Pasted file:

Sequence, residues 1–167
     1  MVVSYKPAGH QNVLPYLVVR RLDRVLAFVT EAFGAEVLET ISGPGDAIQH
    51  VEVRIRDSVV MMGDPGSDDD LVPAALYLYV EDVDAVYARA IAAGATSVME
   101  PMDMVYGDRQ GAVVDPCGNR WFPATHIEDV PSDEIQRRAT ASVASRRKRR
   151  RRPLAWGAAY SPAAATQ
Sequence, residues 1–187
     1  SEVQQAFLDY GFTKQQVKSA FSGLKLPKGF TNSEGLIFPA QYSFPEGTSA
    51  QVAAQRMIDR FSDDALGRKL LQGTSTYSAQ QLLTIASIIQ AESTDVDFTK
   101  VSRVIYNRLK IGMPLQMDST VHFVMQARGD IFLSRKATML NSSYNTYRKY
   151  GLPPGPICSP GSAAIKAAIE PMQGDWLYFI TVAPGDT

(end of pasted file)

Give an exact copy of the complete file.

Sequence, residues 1–167
     1  MVVSYKPAGH QNVLPYLVVR RLDRVLAFVT EAFGAEVLET ISGPGDAIQH
    51  VEVRIRDSVV MMGDPGSDDD LVPAALYLYV EDVDAVYARA IAAGATSVME
   101  PMDMVYGDRQ GAVVDPCGNR WFPATHIEDV PSDEIQRRAT ASVASRRKRR
   151  RRPLAWGAAY SPAAATQ
Sequence, residues 1–187
     1  SEVQQAFLDY GFTKQQVKSA FSGLKLPKGF TNSEGLIFPA QYSFPEGTSA
    51  QVAAQRMIDR FSDDALGRKL LQGTSTYSAQ QLLTIASIIQ AESTDVDFTK
   101  VSRVIYNRLK IGMPLQMDST VHFVMQARGD IFLSRKATML NSSYNTYRKY
   151  GLPPGPICSP GSAAIKAAIE PMQGDWLYFI TVAPGDT